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Leptodactylus pentadactylus

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Taxonomy [top]

Kingdom Phylum Class Order Family
ANIMALIA CHORDATA AMPHIBIA ANURA LEPTODACTYLIDAE

Scientific Name: Leptodactylus pentadactylus
Species Authority: (Laurenti, 1768)
Common Name(s):
English South American Bullfrog, Slender-fingered Bladder Frog, Smoky Jungle Frog
Spanish Sapo-toro Comun
Synonym(s):
Cystignathus pentadactylus (Laurenti, 1768)
Doryphoros gigas (Spix, 1824)
Gnathophysa gigas (Spix, 1824)
Leptodactylus goliath Jiménez de la Espada, 1875
Leptodactylus macroblepharus Miranda-Ribeiro, 1926
Leptodactylus pentadactylus subspecies dengleri Melin, 1941
Leptodactylus pentadactylus subspecies rubidoides Andersson, 1945
Rana coriacea Spix, 1824
Rana gigas Spix, 1824
Rana pachypus subspecies bilineata Mayer, 1835
Rana pentadactyla Laurenti, 1768
Taxonomic Notes: Central American populations of Leptodactylus formerly allocated to L. pentadactylus are now recognised as the distinct species L. savagei (Heyer, 2005).

Assessment Information [top]

Red List Category & Criteria: Least Concern ver 3.1
Year Published: 2008
Date Assessed: 2008-01-01
Assessor(s): Heyer, R., Azevedo-Ramos, C., Coloma, L.A. & Ron, S.R.
Reviewer(s): Stuart, S.N., Chanson, J.S., Cox, N.A. & Young, B.E.
Justification:
Listed as Least Concern in view of its wide distribution, tolerance of a degree of habitat modification, presumed large population, and because it is unlikely to be declining fast enough to qualify for listing in a more threatened category.

Geographic Range [top]

Range Description: This species is widely distributed in the Amazon forest. It ranges from southern Colombia, eastern Ecuador and eastern Peru in the west of its range, into northern Bolivia, much of central and parts of norther Brazil, with records from French Guiana.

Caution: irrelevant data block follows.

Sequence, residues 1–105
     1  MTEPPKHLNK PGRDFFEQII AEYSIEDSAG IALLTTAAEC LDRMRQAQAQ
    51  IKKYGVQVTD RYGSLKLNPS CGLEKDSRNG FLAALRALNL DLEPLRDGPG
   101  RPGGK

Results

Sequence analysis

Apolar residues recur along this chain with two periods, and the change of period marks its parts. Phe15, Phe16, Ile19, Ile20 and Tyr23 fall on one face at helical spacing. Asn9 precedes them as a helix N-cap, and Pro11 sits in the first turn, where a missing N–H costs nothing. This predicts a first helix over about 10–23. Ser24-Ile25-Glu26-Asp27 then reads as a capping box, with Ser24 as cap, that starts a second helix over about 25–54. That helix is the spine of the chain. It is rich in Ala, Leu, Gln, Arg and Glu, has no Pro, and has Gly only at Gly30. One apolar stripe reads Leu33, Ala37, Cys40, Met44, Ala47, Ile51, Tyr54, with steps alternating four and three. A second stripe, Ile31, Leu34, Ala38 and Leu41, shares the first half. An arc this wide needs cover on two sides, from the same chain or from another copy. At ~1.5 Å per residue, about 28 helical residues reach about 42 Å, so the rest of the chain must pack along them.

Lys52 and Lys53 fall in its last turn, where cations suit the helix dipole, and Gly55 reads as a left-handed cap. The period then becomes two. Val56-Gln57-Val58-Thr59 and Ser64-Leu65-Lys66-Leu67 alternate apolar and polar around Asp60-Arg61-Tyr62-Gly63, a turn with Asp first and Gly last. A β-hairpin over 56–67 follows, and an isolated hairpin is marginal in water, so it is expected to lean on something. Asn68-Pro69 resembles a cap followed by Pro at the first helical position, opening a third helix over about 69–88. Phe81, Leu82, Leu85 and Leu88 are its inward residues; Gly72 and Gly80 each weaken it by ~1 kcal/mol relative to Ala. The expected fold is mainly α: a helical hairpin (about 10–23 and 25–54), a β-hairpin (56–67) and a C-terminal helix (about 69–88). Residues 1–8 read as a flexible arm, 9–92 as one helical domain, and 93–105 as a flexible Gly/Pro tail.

Countries:
Native:
Bolivia, Plurinational States of; Brazil; Colombia; Ecuador; French Guiana; Peru
Range Map: Click here to open the map viewer and explore range.

Population [top]

Population: This is an abundant species.
Population Trend: Stable

Habitat and Ecology [top]

Habitat and Ecology: It is a nocturnal, terrestrial frog found in leaf-litter in primary, secondary, and seasonally flooded tropical rainforests. It has also been found in more open areas and in seasonally flooded forest. Reproduction takes place in temporary waterbodies; tadpoles are carnivorous and cannibalistic. Eggs are found in foam nest and tadpoles are usually found in lentic water (though in some places the larvae are terrestrial).
Systems: Terrestrial; Freshwater

Use and Trade [top]

Use and Trade: This species is eaten locally in Costa Rica and Colombia. In Costa Rica several attempts have been made to produce it commercially for export.

Threats [top]

Major Threat(s): There are no threats. It might be locally threatened in Colombia by consumption by Amerindian people. It is sometimes found in the international pet trade but at levels that do not currently constitute a major threat.

Conservation Actions [top]

Conservation Actions: Many populations are protected within protected areas. No direct conservation measures are currently needed for this species as a whole.

Citation: Heyer, R., Azevedo-Ramos, C., Coloma, L.A. & Ron, S.R. 2008. Leptodactylus pentadactylus. The IUCN Red List of Threatened Species. Version 2014.2. <www.iucnredlist.org>. Downloaded on 21 October 2014.
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